Sunday, June 27, 2010

It's About Time

I’ve always been intrigued by a brief congregational part inserted in the Eucharistic prayer, three lines, called the “acclamation of faith.”

The Book of Common Worship (1993) presents four alternative acclamations following separate introductory phrases:

Great is the mystery of faith:
Christ has died,
Christ is risen,
Christ will come again.
Praise to you, Lord Jesus:
Dying you destroyed our death,
rising you restored our life.
Lord Jesus, come in glory
According to his commandment:
We remember his death,
we proclaim his resurrection,
we await his coming in glory.

Christ is the bread of life:
When we eat this bread and drink this cup,
we proclaim your death, Lord Jesus,
until you come in glory.

The fascinating thing to me about all of these is that they cast the people’s acclamation of faith in temporal terms. The past is celebrated, the present is experienced and the future is anticipated.

It’s not that worshippers are expected to jump from one chronological time zone to another in the space of ten words or so. The past is not celebrated as past that is gone and remembered nostalgically. Nor is the future merely a pie-in-the-sky-by-and-by wishful thinking to be longed for. Rather both past and future are brought front and center by the presence of the risen Christ in the Eucharist.

The fullness of the present experience is in the recognition that our living Lord has redeemed the past, transforming the tragedy of the cross into a triumph to be shared with us in bread and wine, his body and blood.

Our present meal serves as appetizer for the heavenly banquet yet to come where Christ will preside just as he does before us now.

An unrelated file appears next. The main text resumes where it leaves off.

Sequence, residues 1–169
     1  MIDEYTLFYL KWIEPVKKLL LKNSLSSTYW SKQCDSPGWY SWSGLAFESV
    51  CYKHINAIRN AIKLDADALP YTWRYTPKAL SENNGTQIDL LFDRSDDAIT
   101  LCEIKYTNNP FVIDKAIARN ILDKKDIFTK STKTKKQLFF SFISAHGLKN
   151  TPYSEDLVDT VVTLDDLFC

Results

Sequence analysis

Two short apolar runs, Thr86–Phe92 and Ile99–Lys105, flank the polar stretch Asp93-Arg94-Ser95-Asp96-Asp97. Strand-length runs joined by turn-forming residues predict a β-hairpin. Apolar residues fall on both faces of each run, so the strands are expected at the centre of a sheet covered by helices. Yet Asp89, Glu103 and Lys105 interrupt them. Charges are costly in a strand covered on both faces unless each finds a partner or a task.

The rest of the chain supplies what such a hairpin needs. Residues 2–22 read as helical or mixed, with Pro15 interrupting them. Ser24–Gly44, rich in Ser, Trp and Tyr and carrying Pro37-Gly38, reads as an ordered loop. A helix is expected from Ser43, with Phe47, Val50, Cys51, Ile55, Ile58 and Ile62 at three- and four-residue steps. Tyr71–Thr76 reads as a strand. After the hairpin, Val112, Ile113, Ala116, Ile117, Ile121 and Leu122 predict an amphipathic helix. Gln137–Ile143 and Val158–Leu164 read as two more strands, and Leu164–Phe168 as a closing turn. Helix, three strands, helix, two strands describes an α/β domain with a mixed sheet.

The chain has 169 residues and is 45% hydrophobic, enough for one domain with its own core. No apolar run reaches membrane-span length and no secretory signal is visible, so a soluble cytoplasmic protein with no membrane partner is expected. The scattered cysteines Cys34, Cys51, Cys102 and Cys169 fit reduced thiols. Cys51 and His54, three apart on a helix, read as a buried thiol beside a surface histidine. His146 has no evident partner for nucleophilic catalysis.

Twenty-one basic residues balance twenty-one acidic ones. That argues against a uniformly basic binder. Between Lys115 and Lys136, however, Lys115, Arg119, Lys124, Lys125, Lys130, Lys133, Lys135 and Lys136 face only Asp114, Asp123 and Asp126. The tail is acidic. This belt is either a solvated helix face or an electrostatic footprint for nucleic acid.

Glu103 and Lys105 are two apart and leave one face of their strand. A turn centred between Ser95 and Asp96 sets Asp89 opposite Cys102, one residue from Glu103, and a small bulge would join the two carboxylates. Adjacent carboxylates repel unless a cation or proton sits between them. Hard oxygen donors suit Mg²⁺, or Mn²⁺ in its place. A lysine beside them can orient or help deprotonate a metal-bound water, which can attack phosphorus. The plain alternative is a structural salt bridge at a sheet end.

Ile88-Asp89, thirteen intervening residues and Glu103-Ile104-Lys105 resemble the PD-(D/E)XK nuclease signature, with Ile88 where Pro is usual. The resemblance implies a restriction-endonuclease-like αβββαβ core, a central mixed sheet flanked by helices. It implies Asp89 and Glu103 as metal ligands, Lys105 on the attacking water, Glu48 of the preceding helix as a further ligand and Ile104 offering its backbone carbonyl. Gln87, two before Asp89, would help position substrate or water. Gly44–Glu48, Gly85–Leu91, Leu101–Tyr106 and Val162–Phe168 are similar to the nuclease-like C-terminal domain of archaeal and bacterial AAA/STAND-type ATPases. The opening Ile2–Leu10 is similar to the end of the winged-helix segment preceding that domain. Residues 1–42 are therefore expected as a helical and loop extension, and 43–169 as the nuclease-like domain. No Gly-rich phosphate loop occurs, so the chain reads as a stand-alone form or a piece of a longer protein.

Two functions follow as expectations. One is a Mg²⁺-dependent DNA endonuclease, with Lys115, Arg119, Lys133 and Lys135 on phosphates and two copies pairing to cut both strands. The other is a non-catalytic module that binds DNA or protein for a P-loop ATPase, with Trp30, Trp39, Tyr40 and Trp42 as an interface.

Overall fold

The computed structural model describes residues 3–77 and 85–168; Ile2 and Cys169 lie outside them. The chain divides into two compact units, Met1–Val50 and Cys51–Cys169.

Both past and future are seen to be a present reality in the light of the resurrection of Jesus Christ, who is our host at the Communion Table feeding us with his life, giving us to drink of his spirit. This past-present-future enfolding presents the Paschal mystery in all its fullness.

The rubrics for the acclamations of faith indicate that the people may “sing or say” one of them. Yet it is difficult to find melodies to use. So I composed one for the first acclamation, that we used for a number of years, as follows:

Do you use any or all of the acclamations in your church? Are they sung or spoken? If sung, where do you find the music?


I’m not sure of the history of these acclamations, since they are new to us Presbyterians as of the Book of Common Worship (1993). I believe they have been in use in the Roman Church for some time, at least since Vatican II.

In 2005, however, the US Conference of Catholic Bishops meeting in Chicago voted to withdraw one memorial acclamation text (“Christ has died, Christ is risen, Christ will come again.”) that was on the original list of about a dozen or so alternatives in a proposed study document of the new English translation of The Order of the Mass I.

The explanation of the withdrawal was:

Unlike the acclamations of the Ordo Missae, the acclamation “Christ has died, Christ is risen, Christ will come again” is more an assertion, a statement, rather than an expression of the gathered assembly of its incorporation into the Pascal Mystery. No pronoun is used to signify the people being incorporated into the Pascal Mystery. In the other memorial acclamations that incorporation is specified. For example: “Dying you destroyed our death, rising you restored our life ...” Therefore the committee voted to drop this one acclamation. (From

That’s an interesting, if very fine, point. Nevertheless, I would consider its use by the gathered community to be an action that in itself signifies “the people being incorporated into the Pascal Mystery.”

1 comment:

  1. Eternal Time and Created Time are ministered to us as the King-Priest who is the Prophet of all time and times, the Sage of the Creation and the Wisdom of God for us---after the Order of Melchizedek! I hope we can take seriously a belief in this High Priest of all time and times.

    John Emory McKenna


Thanks for joining in the conversation!